Medical professionals understandably want us to change how we perceive the issue of miscarriages so that women can have better tools to deal with them when they arise.
Because miscarrying is such a common occurrence, it makes sense that we should probably think in more mechanical terms to soften the blow.
Additionally, people deal with these kinds of problems in their own way. There is no right way to heal, and lots of people prefer undertaking healing in privacy.
But I can’t shake the feeling that by encouraging women to keep quiet until twelve weeks, we are tacitly trying to keep a lid on the topic altogether. It feels like we are doing what we do with all questions of reproductive health – which is to nudge them to the side so that men aren’t uncomfortable.
There is a disconnect. We want to frame the topic as something that is natural and can’t be helped. But we also discourage people from talking about early pregnancy in case they have to deal with it. Surely, we can’t have it both ways. We can either talk about these things openly and honestly, or we can normalise silence and all the implications of failure that silence brings about.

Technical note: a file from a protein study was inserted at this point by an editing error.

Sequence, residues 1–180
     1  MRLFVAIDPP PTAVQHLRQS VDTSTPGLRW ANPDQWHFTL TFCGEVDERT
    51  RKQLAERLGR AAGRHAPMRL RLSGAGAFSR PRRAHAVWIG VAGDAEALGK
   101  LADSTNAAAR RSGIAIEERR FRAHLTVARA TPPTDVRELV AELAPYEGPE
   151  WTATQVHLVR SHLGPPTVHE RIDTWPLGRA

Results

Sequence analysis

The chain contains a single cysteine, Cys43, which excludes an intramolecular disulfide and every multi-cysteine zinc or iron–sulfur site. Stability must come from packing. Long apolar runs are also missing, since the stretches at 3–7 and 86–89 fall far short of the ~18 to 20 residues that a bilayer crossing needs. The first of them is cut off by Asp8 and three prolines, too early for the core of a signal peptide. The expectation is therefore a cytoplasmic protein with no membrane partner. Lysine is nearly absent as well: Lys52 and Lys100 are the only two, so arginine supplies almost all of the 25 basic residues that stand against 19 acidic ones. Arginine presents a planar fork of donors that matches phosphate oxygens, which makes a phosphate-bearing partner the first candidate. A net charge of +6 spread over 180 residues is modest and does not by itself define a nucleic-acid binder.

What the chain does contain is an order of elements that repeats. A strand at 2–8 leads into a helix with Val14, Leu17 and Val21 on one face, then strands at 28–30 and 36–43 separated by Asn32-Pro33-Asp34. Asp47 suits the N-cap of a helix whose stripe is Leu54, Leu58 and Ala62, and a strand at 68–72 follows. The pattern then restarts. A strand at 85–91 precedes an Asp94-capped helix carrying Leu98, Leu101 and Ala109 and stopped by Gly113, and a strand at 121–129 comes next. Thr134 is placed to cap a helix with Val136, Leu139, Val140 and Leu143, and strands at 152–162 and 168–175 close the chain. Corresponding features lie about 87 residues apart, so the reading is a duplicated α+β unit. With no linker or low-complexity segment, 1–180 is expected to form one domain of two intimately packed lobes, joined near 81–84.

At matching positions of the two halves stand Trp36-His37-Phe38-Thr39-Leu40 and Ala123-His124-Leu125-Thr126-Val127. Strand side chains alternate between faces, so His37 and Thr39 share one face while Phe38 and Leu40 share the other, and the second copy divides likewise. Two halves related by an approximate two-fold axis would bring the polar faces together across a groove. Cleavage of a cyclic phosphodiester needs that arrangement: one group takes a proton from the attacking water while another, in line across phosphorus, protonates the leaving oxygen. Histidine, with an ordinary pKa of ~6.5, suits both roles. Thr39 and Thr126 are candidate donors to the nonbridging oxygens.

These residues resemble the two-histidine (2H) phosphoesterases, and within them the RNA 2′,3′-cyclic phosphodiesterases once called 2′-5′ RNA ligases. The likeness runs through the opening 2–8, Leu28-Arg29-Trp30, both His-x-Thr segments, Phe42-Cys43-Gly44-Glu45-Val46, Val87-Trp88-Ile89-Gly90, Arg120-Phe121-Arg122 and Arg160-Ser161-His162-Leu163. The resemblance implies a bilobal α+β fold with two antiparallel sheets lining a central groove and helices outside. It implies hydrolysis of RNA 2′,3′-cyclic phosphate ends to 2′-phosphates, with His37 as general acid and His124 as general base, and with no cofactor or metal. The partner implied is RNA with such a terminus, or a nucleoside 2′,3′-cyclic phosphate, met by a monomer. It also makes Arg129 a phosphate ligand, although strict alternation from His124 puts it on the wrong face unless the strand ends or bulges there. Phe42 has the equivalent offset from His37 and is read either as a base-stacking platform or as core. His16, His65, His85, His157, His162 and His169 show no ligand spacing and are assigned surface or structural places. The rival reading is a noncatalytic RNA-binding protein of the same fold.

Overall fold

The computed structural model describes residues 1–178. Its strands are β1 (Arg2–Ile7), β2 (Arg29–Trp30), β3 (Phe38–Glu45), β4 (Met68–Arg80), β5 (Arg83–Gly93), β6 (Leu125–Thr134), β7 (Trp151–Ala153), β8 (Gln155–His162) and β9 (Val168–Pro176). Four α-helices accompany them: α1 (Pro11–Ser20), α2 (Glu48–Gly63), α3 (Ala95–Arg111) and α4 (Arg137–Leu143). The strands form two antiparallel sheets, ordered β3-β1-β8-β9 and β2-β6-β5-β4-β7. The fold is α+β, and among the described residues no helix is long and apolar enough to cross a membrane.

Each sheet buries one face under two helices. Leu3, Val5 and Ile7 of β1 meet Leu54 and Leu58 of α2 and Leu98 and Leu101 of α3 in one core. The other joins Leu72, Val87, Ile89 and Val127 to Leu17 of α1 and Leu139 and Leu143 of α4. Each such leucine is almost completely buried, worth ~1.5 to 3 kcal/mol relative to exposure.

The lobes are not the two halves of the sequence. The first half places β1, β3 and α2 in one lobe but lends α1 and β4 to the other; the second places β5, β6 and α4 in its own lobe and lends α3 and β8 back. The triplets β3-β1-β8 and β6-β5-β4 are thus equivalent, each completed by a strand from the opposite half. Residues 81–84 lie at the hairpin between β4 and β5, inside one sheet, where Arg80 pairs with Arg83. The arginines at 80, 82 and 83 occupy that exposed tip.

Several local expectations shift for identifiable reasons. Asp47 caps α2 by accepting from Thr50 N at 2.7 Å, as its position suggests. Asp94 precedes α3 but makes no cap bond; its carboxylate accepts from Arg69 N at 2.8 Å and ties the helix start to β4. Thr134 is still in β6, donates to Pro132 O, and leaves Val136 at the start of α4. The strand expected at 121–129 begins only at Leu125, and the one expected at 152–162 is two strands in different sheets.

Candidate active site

I don’t know what the answers are. But it feels like we’re throwing pregnant women under the bus by normalising superstition and tradition, instead of encouraging the building of support networks. Maybe I’ll feel differently next week. I sure do feel different today than I did seven days ago. It’s early days, and if this week is anything to go by, we’ve got a few more rides to go on before we leave pregnancy park.
Originally published here.